Thursday, July 9, 2015

...has a learning curve.

"I knew who I was this morning, but I've changed a few times since then." 
-Alice in Wonderland

Tuesday, July 7th: We killed a chicken today. Okay, well we actually didn't kill it, Nozipho did. And because the word kill seems so harsh I will change my words. Nozipho cooked a chicken for dinner tonight that was previously alive in our front yard. To say it was impressive is an understatement. Unless you are Nozipho or an avid chicken farmer, then you would find our curiosity and excitement underwhelming and possibly stupid. Sean is very interested in farming chickens at our permanent sight so it was a good lesson in catching, beheading, draining, and plucking a chicken. After all of the advice state side of how exactly to go about de-life-ing a chicken I feel pretty confident that Nozipho’s way will be our way. We told our bosisi that next time it is our turn. They laughed and laughed. Swazis laugh and laugh a lot. After the chicken happenings we invited our bosisi and a few volunteers over to watch a movie, drink tea, and eat popcorn. We learned that tea and popcorn are a hit but our movie choice could use improvement. There are the highlights of today, with the addition of trying to teach Khombi a new English word. We chose smorgasbord. 

Wednesday July 8th: Today has been one of those days that feels long but in reality when you lay your head on your pillow the day has flown by. We started our day in our language group for another great two hour session during which we mastered more greetings and introductions. After language we took a bus to the community health village of Nkamndzi. There we met with all of G13 to talk briefly about integration tools before launching into a great session on permagardening. Grace and I are very interested in permagardening and plan on planting one at our permanent site, as well as developing some potential projects around the idea. Permagardens are great for rural areas because they have a very high yield, they use minimal amounts of water, and, once established, maintenance is pretty low key. We are looking forward to the 17th when we will have a chance to get our hands dirty and put into practice the concepts we learned today. We ended our day with a bus ride back to Sihhohhweni which really just took the energy out of us. The cool mornings but hot afternoon sun does a great job of sapping your energy. That's why we’re calling it a night a little early tonight. Hope all is well back home! Lala kahle!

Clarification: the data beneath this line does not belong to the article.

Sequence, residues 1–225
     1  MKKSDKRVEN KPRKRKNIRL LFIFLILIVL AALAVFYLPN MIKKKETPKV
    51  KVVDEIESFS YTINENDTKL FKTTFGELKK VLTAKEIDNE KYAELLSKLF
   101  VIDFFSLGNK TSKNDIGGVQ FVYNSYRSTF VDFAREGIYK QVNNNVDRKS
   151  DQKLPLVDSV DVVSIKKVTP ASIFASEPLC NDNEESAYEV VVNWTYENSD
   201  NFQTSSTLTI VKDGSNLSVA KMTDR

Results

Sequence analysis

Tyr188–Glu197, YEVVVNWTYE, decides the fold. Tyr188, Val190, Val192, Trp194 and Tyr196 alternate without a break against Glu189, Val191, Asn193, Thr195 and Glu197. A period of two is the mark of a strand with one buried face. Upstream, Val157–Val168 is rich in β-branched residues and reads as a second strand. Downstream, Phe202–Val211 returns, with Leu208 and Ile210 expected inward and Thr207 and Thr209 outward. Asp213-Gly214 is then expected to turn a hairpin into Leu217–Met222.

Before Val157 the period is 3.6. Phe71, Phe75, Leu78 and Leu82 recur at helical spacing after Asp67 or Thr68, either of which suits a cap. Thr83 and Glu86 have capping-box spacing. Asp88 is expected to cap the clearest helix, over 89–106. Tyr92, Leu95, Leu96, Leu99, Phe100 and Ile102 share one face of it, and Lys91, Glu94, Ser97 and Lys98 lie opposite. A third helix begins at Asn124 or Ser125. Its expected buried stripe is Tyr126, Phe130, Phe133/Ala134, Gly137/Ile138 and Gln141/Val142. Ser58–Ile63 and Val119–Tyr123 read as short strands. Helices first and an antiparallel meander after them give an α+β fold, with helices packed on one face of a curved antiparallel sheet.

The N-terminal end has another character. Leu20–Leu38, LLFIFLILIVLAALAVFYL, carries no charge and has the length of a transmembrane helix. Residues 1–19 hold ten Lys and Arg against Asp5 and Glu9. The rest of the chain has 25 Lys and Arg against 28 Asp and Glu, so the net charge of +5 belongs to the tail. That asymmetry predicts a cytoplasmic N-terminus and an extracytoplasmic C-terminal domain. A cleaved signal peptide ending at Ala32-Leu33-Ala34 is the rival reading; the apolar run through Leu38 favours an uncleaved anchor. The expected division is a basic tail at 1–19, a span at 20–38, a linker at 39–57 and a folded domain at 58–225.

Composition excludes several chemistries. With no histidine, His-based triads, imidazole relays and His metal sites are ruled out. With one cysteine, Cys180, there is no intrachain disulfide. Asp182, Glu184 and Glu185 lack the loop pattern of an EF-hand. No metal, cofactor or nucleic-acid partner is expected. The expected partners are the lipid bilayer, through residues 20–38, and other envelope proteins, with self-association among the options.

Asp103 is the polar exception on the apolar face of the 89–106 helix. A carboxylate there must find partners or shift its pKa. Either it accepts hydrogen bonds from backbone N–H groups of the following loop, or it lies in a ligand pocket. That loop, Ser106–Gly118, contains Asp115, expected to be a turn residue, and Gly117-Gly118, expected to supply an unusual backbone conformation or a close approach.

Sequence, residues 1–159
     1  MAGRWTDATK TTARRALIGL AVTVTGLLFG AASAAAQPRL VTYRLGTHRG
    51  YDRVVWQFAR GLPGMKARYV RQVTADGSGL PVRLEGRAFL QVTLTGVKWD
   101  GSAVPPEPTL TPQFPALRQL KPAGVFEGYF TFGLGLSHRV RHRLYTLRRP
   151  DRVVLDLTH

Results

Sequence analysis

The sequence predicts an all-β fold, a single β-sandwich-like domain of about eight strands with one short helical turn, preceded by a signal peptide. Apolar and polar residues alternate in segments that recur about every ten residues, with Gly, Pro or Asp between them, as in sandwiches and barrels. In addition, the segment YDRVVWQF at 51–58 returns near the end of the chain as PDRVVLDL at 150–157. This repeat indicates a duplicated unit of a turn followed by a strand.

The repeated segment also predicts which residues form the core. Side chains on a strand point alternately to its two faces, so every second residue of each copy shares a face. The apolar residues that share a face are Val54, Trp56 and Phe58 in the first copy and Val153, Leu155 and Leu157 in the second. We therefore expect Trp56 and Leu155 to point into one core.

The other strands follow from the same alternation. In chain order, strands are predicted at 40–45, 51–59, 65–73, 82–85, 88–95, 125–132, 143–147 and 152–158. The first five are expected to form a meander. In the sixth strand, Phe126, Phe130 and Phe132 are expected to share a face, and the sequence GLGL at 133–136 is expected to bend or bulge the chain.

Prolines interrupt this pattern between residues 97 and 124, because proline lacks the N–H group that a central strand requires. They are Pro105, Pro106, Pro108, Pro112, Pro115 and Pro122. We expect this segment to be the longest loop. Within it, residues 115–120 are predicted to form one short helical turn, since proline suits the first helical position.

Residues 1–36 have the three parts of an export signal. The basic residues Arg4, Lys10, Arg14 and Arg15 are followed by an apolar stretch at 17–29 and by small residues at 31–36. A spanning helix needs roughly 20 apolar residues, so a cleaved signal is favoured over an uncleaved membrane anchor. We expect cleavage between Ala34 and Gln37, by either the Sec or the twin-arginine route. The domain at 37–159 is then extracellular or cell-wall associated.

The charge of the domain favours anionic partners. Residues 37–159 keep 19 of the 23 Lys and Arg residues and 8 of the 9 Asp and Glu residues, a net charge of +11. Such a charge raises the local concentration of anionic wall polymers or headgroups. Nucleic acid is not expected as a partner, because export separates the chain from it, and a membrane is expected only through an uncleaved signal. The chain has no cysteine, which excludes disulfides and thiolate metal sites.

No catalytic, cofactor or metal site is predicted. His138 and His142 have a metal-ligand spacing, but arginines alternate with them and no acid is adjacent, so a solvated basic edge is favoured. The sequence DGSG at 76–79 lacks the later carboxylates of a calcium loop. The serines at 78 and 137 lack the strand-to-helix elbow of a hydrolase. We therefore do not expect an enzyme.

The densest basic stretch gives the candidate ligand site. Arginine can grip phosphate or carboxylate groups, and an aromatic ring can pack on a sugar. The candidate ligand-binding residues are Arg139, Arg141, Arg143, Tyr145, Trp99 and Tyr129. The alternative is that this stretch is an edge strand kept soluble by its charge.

Thursday, July 9th: Do you think in English? I'm sure that the majority of those reading this do in fact think in English. However, for the children of Swaziland who are punished or publicly ridiculed in school for speaking in any language except English the question is worth a conversation. So that is what we had tonight at dinner, a conversation about thinking in English while being Swazi. It was a pretty good debate between the two sisters, each making valid points about “being a true Swazi” verse “if you think out loud do you say ‘wow’ instead of ‘how’ (the Swazi translation for wow)”. Did you know that we read the same books in school? The Great Gatsby was a favorite. Argumentative writing is preferred over descriptive and history class is chosen as a favorite above home economics. I find it funny that we, as Americans, are labeled as the intelligent ones. I know I think in English because I have not learned any other way to think, and I think that is a problem. I know I speak for both myself and Sean, we are proud of our new sisters, they are so unbelievably intelligent. We are very honored to be the ones to remind them constantly of it.

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